How Works MGB Emission Controls
"the 70's were an interesting time". I find myself saying that any time I look at a building or house constructed in the 1970's. They're just weird. There are strange angles, funky roof lines, sunken rooms and simply unfurnish-able spaces. This experimental period was also the when the first attempts at vehicle emission controls took place in the US. Some of the ideas were decent, took hold and persist in some form today. Others were just strange, and I wonder if they really did anything at all. So today we look at the MGB, circa 1978. When this little car was built, emission controls were mandatory, unleaded gas was prevalent and even now cars this old still need to pass emissions standards in highly populated areas in Oregon.
By 1978, they had figured out that venting crankcase pressure to the atmosphere was bad, so the PCV (positive crankcase valve) idea was born. In the MGB, this takes the form of a hose running from the case to the air cleaner. This is item #57 in the MossMotors image to the right. The oily air gets burned during combustion. By this time, they had also figured out that gas fumes from the fuel tank (and carb) shouldn't vent to the atmosphere, so these gasses are routed to the valve cover (hose #70) to get sucked into the engine while it's running or they settle into the charcoal in a special canister (#60) designed for this.
The 1978 MGB was fitted with a catalytic converter (cat) in the exhaust piping. This simply uses the heat of the exhaust to get really hot and burn off any unburnt fuel that passes into the exhaust. These reduce the hydrocarbons in your exhaust and an emissions failure for "HC" is probably because your cat is failing. Some folks swear by the CRC "guaranteed to pass" fuel additive to effectively clean your cat for a short term, allowing you to pass emissions. This feels a little like cheating, but if it is just to keep you clean long enough to save the cabbage to buy a replacement cat, maybe it's not.
Last, there's the smog pump system. This thing runs on a belt, and effectively pushes filtered air into the exhaust while the engine is running. If you think about it for a minute, this effectively was designed to fool the emissions tests by diluting the amount of pollutants running out the exhaust with fresh air. How this got past the fed's, I don't know.
Missing in Action
When I got my MGB, I really didn't know much about them or what to look for under the hood. Turns out, there aren't emission test needed for cars owned and registered outside a certain seemingly arbitrary line around the greater metropolitan area. The seller lived outside the line, so he made modifications that aligned with his lack of emissions test adherence. These modifications weren't apparent to me until after I got the "B" home, and was well into the front-end tear-down effort last winter.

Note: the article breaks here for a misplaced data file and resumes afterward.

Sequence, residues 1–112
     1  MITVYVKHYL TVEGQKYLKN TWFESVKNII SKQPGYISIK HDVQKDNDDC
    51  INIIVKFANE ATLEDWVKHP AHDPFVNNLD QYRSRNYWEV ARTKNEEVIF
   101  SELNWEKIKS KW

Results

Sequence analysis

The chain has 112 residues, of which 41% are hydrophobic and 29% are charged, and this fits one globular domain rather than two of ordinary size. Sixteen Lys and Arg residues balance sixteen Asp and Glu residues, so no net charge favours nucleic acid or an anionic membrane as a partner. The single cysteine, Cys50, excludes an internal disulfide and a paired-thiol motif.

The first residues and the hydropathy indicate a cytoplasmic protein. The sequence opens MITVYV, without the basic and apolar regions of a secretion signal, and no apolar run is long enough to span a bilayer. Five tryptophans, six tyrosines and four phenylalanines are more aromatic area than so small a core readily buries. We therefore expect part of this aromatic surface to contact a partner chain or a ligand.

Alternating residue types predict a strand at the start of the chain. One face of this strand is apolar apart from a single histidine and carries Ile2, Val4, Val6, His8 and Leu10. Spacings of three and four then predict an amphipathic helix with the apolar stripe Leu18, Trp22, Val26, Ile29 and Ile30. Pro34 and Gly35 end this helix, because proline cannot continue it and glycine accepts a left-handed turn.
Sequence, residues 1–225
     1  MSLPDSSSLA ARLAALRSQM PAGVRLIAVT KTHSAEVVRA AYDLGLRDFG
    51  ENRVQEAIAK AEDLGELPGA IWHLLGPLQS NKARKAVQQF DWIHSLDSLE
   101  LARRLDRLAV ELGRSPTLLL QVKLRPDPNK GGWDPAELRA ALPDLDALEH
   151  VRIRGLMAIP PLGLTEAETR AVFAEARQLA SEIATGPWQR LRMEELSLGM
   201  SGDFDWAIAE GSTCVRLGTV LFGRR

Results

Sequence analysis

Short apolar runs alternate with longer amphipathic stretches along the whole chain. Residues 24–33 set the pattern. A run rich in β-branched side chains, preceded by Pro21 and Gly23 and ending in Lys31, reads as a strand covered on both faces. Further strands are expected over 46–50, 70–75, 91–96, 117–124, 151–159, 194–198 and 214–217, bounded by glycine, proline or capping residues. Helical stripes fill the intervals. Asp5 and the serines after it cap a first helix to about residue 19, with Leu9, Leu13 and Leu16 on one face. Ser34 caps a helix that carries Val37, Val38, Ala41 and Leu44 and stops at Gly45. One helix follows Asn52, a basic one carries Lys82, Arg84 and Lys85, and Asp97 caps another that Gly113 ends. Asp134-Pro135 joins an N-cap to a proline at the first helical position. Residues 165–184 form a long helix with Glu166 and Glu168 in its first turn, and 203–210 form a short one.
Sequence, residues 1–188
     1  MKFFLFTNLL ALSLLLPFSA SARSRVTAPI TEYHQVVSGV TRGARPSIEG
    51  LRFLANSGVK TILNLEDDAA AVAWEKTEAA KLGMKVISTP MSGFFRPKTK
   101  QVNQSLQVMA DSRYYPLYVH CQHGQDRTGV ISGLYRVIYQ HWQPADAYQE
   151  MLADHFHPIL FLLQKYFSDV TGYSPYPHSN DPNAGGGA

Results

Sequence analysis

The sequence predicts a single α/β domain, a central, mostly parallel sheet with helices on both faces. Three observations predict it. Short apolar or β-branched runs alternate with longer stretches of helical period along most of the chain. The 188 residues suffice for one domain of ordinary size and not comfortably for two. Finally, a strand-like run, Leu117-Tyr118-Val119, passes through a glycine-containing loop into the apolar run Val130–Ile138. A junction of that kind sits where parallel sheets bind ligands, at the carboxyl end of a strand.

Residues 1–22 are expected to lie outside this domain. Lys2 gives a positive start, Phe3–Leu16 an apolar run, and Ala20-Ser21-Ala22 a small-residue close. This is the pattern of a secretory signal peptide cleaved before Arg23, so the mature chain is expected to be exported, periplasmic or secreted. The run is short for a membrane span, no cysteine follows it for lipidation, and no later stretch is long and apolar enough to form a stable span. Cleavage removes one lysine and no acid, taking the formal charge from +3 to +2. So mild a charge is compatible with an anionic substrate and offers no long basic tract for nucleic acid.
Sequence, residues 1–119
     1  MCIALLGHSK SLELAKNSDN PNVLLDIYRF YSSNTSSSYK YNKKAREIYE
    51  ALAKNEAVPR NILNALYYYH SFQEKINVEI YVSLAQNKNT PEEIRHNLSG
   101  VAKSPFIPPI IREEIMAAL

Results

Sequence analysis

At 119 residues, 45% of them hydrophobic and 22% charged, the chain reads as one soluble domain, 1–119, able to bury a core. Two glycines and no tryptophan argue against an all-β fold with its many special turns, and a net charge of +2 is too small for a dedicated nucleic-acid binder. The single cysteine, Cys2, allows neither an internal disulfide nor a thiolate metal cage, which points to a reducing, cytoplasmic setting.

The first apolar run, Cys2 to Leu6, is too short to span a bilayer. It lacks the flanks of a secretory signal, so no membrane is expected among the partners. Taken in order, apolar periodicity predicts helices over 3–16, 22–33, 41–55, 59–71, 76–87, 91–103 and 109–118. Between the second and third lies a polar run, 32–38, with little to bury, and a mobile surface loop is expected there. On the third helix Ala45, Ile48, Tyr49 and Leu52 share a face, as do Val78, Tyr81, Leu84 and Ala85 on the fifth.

So, what's missing? Well... all of the under-the-hood stuff. There's no smog pump, nor gulp valve, connecting hoses nor even an access point in the exhaust manifold. The (oil breather) hose that is supposed to run from the crankcase to the air cleaner is missing and there is no facility for a hose to fit in the air cleaner had the hose been present. The vent line from the gas tank ends unceremoniously next to a bracket that should be holding the charcoal canister which is also missing. In all fairness to the prior owner, I think I lost the charcoal canister. The carb set up was changed so there is no vent coming off the float-bowl. At least I have a catalytic converter. Or, at least it looks like one. It doesn't look like the stock one, so it may not be terribly effective.
What to Do?
Looking at all of the missing, I still need to pass this test or I will have a very spendy undriveable car. I started with the most obvious: get a charcoal canister and hook up what I can to it. Bottom line, if the Department of Environmental Services (DEQ) person can smell gas, you fail before they start. So, I bought a used one off eBarf. Next, I'm going to run route the oil breather into the air cleaner somehow. Then, I'll do a full tune-up: oil change with filter, clean the steel mesh air filter, new spark plugs, wires, dizzy cap and rotor. My challenge will be getting a tank of fuel with the CRC stuff through the engine during the rainy season without a convertible top. First things first: fit the charcoal canister, do the oil breather and tune-up.
That's it for today. I welcome ideas for how to get through the DEQ so I can keep this car moving forward with an eye for playing this summer. I'll post a follow-up on what I did and how the DEQ folks responded. Thanks, as always for following along-